Yes it is a cultural issue

Some academic says that we are all wrong in thinking that child abuse is a cultural issue:

More and more New Zealanders believe child abuse is a cultural issue despite statistics showing that abuse does not discriminate between cultures, a social work lecturer says.

Raema Merchant, a social work lecturer at the Eastern Institute of Technology, said it was unclear how the public had developed a perception that it was a Maori issue.

Her masters thesis at Massey University found about half of the children killed in New Zealand died at the hands of a Pakeha abuser.

Almost 9000 children were victims of physical abuse between 2000 and 2008, yet only 21 became “household names” in the media, she said.

Just one-third of child deaths were reported in the press, and they were predominantly Maori cases.

“Where are they getting it from? Child abuse is not a cultural issue.”

Raema Merchant though doesn’t tell us the full picture…she only tells us the statistics that suit her twist to the tale of New Zealand’s appalling child abuse statistics.

If she was right that it isn’t cultural then we should see figures that roughly equal the population mix. We are not…however she only told us the European statistics and so about the only thing we can work out from the statistics is that Eurpeans are far less likely than others to abuse their children.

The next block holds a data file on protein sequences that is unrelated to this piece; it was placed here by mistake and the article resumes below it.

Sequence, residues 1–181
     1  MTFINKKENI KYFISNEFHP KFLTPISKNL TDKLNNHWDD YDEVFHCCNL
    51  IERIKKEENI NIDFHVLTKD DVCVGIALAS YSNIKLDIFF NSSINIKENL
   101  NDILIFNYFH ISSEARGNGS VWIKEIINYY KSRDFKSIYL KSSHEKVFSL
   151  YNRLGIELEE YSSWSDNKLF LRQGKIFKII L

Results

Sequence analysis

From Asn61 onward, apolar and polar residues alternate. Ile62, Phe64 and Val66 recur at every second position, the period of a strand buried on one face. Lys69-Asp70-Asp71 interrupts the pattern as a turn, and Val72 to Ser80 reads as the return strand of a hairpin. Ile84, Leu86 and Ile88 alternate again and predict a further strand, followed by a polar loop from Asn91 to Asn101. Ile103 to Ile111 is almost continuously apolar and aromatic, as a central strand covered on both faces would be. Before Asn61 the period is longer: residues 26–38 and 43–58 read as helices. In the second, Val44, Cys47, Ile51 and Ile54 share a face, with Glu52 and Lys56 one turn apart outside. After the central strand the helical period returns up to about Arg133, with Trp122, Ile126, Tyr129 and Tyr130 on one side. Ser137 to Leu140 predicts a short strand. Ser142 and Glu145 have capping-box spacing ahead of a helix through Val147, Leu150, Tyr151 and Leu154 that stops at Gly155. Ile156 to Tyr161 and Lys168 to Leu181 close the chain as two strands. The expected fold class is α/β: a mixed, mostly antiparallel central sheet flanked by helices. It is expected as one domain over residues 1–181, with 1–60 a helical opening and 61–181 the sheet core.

Interestingly this article is almost a word for word re-hash of an article by Kate Chapman and Dana Levy nearly a year ago. And that article tells a disctinctly different picture where it shows that:

New research by Eastern Institute of Technology social work lecturer Raema Merchant found Pakeha kill as many of their children as Maori, although Maori were the “face of abuse” in the media.

Maori make up 14.6% of the population but kill and abuse their kids at the same rates and everyone else. The split is about 50/50. Her research clearly shows that child abuse most certainly is a cultural issue with Maori hugely more likely than everyone else to kill or abuse their children.

Today’s article is sloppy repeating.


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As much at home writing editorials as being the subject of them, Cam has won awards, including the Canon Media Award for his work on the Len Brown/Bevan Chuang story.  And when he’s not creating the news, he tends to be in it, with protagonists using the courts, media and social media to deliver financial as well as death threats.

They say that news is something that someone, somewhere, wants kept quiet.   Cam Slater doesn’t do quiet, and as a result he is a polarising, controversial but highly effective journalist that takes no prisoners.

He is fearless in his pursuit of a story.

Love him or loathe him.  But you can’t ignore him.

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